15. I am so delighted to see more of your mother’s home and thank you so much!
    I particularly like the dining space with the wood table, silver candle sticks and blue and white bowl in the centre.
    Your mother’s mementos, family photographs, artwork, coupled with a bit of one’s history come together so beautifully here….I’d love to wander through these rooms.
    As a grandchild it would be pure magic…
    something special for the memory book.

  16. The chaise corner is beautiful and that corner cabinet on the wall above the chaise is exquisite. I could spend a long time in that corner.

    It looks like a lovely house to spend time in.

  17. Charming home. Style yet lived in. Love the painting in the dinning room. I also love thefeeling of Northern Eupropean decoration. Everyone needs a chasie Lounge in their bedroom. We need it but may not have one. I wonder how many people do these days. Love the photos. Thanks for posting.

  18. Absolutely charming! How gracious of your mother to allow you to share her home with your readers. Her home looks so lovely and welcoming. I love that they raised the height of the loveseat for your stepfather – it shows that real people live here and comfort above all else, although the house is beautiful nevertheless.

  19. I forgot to mention that I just returned from spending 10 days in your beautiful city of San Francisco, including 2 nights at the Bardessono in Napa Valley. My favorites were the Saturday Farmers Market at the Ferry Building and touring City Hall. Dined at Boulevard per Chronica Domus’ recommendation as well as at Chez Panisse in Berkeley, where the diner at the next table brought his own wine decanted into a crystal ship’s decanter! I didn’t know you could do that but apparently you are allowed. Walking around and enjoying all the fabulous architecture was amazing. The weather was sunny and mild, not a drop of rain. I think I left my heart in San Francisco!

    1. @Jane, You hit the good spots! And, City Hall, I got married there, on the 4th floor:). The not a drop of rain bit is tough though, we’re really hurting and no end in sight:(

    1. @Flwjane, Oh, I can’t hold a candle to Mom when it comes to houses. I can only try, learn and try again. But I can tell stories, so yes, a point of connection.

  20. How this made me so nostalgic and homesick. I was so very close to my paternal grandparents and going to their house was magic. Thank you for triggering all that in me today. They have been gone a long time now, but I miss them each and every day.They are still with me and I often wish I could still ask their advice.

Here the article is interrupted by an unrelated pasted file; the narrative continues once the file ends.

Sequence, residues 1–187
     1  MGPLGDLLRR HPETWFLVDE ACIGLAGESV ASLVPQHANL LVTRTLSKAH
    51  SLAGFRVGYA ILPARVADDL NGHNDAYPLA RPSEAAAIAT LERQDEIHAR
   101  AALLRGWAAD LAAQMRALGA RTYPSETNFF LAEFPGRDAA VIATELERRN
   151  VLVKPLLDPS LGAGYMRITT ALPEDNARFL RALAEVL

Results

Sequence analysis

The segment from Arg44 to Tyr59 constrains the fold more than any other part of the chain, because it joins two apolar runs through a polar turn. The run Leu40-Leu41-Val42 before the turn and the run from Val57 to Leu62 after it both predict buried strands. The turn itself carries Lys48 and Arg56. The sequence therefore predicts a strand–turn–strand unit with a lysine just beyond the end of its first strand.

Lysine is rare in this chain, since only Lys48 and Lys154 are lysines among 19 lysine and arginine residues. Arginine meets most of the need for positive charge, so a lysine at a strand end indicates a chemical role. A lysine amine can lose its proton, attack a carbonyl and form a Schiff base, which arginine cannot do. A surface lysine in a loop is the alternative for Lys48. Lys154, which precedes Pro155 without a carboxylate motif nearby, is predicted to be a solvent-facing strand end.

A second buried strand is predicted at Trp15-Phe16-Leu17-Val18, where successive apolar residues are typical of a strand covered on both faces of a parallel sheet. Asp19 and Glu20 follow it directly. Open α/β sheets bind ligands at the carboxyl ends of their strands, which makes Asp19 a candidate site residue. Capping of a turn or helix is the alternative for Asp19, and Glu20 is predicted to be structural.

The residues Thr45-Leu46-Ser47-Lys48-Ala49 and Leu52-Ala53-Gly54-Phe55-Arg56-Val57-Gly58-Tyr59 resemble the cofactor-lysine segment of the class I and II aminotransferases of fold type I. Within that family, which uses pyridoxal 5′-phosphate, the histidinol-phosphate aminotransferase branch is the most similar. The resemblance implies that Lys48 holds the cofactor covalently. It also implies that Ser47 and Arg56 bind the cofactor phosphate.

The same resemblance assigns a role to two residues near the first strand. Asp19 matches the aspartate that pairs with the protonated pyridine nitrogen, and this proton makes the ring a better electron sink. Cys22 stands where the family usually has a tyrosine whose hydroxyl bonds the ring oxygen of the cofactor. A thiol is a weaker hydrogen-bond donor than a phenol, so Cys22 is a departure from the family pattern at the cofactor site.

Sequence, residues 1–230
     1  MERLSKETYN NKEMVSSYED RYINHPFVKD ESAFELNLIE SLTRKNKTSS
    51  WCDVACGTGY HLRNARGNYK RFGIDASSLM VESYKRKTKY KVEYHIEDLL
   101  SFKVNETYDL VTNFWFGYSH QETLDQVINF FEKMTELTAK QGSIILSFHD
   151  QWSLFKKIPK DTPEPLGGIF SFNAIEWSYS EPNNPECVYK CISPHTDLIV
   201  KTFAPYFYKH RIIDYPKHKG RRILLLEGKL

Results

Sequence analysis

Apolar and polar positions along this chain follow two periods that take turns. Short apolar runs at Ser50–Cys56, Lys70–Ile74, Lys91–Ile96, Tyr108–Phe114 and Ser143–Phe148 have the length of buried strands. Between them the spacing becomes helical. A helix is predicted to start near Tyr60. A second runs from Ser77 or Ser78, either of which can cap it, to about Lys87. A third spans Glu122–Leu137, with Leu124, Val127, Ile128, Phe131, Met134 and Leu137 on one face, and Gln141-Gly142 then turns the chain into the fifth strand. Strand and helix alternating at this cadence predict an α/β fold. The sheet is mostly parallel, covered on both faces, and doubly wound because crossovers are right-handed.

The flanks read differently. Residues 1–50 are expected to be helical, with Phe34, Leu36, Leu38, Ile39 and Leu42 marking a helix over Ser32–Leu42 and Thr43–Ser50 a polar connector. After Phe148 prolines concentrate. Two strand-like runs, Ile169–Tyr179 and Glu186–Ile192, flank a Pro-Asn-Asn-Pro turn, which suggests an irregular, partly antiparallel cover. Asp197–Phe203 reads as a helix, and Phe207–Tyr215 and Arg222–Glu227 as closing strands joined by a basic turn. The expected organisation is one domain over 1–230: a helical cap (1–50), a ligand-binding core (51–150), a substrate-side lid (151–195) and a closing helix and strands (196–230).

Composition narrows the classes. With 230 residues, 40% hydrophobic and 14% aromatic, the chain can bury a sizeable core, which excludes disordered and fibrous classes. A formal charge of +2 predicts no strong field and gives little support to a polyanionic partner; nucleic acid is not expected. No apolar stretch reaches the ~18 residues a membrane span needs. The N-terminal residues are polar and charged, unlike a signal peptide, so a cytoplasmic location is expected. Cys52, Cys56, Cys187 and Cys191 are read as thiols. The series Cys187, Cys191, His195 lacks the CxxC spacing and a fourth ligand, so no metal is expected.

1. I’m sorry they are lost, but glad their memory stays with you. My guess is that you often know exactly what advice they’d give you and it’s the sound of their voices that’s missing. xoxox.

  21. I love, in no particular order: the DIY furniture adjustment (my parents do that too!), the VIEW, the fact that the big bowl in the dining room is full of ephemera (mine is too!), the chaise, the little wooly sheep in the guest room and the curio cabinet full of stories!

    Thank you, and your Mom & Step-dad.

  22. Oh this is beautiful, your mum’s house is so chic. I love the idea of Casual Elegance meets Swedish Folk Empire – sadly, my family home is more Nicknackery on a Northern Council Estate.

    1. Aw, as long as it is happy. I’ve had to separate my mom’s good taste from my idea of love all my life. Not always easy.

  23. Without doubt, one of my favourite posts. Thank you and your mom/step father for such a loving tour of their home. I adore the light, the mix of clean lines with gold/crystal and precious details. I shall be referencing this post as it’s very timely. We are in the whirlwind that is buying a house and my goals are the same – a loving home for all the family, enough space for friends and hopefully our retirement.

  24. I love your mothers house. We live in Stockholm and it’s style and dignity really spoke to me. I meet and did a design project for an amazing stylist/designer called Martine Colliander. We traded work for 2 Gripsholm Arm chairs slip covered in white linen that I cherish.

Comments are closed.